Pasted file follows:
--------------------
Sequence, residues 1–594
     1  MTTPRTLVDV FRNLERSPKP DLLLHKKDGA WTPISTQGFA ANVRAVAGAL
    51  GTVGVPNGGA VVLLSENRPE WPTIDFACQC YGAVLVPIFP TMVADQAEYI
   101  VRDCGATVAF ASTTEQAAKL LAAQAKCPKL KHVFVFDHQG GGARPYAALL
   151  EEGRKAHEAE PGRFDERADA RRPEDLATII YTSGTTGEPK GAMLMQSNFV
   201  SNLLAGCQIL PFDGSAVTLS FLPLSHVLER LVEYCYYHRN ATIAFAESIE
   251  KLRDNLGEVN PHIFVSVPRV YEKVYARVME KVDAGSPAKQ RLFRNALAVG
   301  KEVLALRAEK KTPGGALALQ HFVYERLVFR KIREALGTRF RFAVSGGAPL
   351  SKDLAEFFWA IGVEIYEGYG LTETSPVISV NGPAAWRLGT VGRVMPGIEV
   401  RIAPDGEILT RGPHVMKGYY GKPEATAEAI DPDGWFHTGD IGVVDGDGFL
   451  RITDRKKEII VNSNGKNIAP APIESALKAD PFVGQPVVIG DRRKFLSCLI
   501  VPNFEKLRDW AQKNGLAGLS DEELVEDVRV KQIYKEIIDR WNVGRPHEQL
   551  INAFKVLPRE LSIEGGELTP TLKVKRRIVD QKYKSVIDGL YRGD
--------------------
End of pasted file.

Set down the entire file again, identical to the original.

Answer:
Sequence, residues 1–594
     1  MTTPRTLVDV FRNLERSPKP DLLLHKKDGA WTPISTQGFA ANVRAVAGAL
    51  GTVGVPNGGA VVLLSENRPE WPTIDFACQC YGAVLVPIFP TMVADQAEYI
   101  VRDCGATVAF ASTTEQAAKL LAAQAKCPKL KHVFVFDHQG GGARPYAALL
   151  EEGRKAHEAE PGRFDERADA RRPEDLATII YTSGTTGEPK GAMLMQSNFV
   201  SNLLAGCQIL PFDGSAVTLS FLPLSHVLER LVEYCYYHRN ATIAFAESIE
   251  KLRDNLGEVN PHIFVSVPRV YEKVYARVME KVDAGSPAKQ RLFRNALAVG
   301  KEVLALRAEK KTPGGALALQ HFVYERLVFR KIREALGTRF RFAVSGGAPL
   351  SKDLAEFFWA IGVEIYEGYG LTETSPVISV NGPAAWRLGT VGRVMPGIEV
   401  RIAPDGEILT RGPHVMKGYY GKPEATAEAI DPDGWFHTGD IGVVDGDGFL
   451  RITDRKKEII VNSNGKNIAP APIESALKAD PFVGQPVVIG DRRKFLSCLI
   501  VPNFEKLRDW AQKNGLAGLS DEELVEDVRV KQIYKEIIDR WNVGRPHEQL
   551  INAFKVLPRE LSIEGGELTP TLKVKRRIVD QKYKSVIDGL YRGD